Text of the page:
August 2016
Volume 16, Issue 12
Open Access
Vision Sciences Society Annual Meeting Abstract  |   September 2016
A Comparison of Haptic and Visual Memory Suggests Domain General Principles in Perceptual Working Memory
Author Affiliations
  • Rachel Lerch
    Department of Psychology, Drexel University
  • Chris Sims
    Department of Psychology, Drexel University
Journal of Vision September 2016, Vol.16, 1066. doi:
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      Rachel Lerch, Chris Sims; A Comparison of Haptic and Visual Memory Suggests Domain General Principles in Perceptual Working Memory . Journal of Vision 2016;16(12):1066.

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      © ARVO (1962-2015); The Authors (2016-present)

  • Supplements

There exists a long history of capacity limitations cited in the visual working memory (VWM) literature. It is less clear however, whether the types of limitations commonly observed reflect unique properties of the visual system per se or rather a more general property of perceptual stimuli encoded in working memory. In other words, should the study of VWM be replaced by the more encompassing concept of perceptual working memory? We make a qualitative comparison of memory performance between two perceptual modalities: haptic working memory (HWM) for object width, and VWM for line length. In the haptic memory experiment, participants were presented with a sequence of 1–4 object widths (experienced with the thumb and pointer finger) and made a 'wider or narrower' judgment against a probe item. We compared performance in the haptic memory experiment with previous data examining visual working memory for line length (Sims et al., 2012). The analyses from both studies were approached using rate–distortion theory, a branch of information theory. The results yielded several qualitatively similar findings. First, HWM performance like VWM performance showed a set size effect. This decline was notably more substantial in HWM performance than that of VWM, particularly when more than one item was held in memory. Additionally, discrimination for haptic width degraded in a manner similar to visual line length discrimination as set size increased. Lastly, both analyses revealed biases to the mean of the stimuli distribution and the magnitude of this bias increased as set size increased. This finding suggests that implicit statistical learning plays a central role in both visual and haptic working memory. The relatedness of the findings between the two sensory modalities suggests that characteristics of performance commonly observed in VWM may be better understood as characteristics embodied by a larger perceptual working memory system.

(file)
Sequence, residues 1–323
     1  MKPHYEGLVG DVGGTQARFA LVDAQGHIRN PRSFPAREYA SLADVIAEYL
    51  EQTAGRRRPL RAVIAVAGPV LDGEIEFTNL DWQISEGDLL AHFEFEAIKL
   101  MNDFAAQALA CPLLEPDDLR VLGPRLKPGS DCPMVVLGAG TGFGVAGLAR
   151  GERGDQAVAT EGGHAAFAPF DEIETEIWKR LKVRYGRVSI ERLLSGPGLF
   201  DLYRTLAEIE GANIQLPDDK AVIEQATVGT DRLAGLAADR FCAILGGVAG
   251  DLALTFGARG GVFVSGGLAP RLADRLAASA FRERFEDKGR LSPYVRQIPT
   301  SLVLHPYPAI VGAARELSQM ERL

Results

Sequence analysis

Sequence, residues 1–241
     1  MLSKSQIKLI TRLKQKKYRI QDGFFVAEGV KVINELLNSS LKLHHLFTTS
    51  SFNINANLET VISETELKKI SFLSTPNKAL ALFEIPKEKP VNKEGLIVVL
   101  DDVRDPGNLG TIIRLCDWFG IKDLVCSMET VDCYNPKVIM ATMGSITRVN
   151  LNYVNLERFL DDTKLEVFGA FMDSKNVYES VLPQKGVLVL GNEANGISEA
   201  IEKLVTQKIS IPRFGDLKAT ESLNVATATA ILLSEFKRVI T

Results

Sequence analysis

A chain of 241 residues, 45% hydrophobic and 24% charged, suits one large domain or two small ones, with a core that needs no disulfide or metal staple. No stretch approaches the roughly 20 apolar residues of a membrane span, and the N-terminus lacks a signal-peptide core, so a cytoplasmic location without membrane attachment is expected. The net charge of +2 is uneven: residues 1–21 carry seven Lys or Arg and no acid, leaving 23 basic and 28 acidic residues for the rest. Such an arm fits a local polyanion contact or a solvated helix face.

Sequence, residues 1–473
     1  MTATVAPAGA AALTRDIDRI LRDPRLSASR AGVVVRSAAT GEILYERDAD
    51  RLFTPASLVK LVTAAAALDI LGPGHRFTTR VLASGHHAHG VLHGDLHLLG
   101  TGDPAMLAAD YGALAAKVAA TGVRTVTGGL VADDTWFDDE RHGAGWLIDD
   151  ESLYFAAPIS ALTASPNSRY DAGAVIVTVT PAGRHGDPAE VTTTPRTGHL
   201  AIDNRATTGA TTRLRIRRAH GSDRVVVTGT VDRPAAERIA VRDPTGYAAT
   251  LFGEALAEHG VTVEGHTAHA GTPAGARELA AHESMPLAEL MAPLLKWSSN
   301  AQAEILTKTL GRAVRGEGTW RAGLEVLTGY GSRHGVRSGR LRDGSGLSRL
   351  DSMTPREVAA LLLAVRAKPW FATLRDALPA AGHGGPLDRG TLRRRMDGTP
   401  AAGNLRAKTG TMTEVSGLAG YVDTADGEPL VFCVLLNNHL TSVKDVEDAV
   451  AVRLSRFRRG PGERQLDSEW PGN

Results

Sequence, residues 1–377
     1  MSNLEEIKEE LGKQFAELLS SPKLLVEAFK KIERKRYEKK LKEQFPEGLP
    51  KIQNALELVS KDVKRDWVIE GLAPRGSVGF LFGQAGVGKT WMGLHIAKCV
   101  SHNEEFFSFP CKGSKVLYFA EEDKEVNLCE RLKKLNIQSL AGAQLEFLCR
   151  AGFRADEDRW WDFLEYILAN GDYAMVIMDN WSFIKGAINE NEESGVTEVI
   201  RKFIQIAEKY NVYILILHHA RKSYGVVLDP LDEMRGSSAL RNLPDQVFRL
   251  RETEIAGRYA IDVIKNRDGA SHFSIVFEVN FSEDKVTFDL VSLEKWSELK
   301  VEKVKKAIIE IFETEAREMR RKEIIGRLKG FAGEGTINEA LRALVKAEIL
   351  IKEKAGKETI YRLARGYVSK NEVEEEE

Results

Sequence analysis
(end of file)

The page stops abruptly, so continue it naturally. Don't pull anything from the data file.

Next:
Meeting abstract presented at VSS 2016


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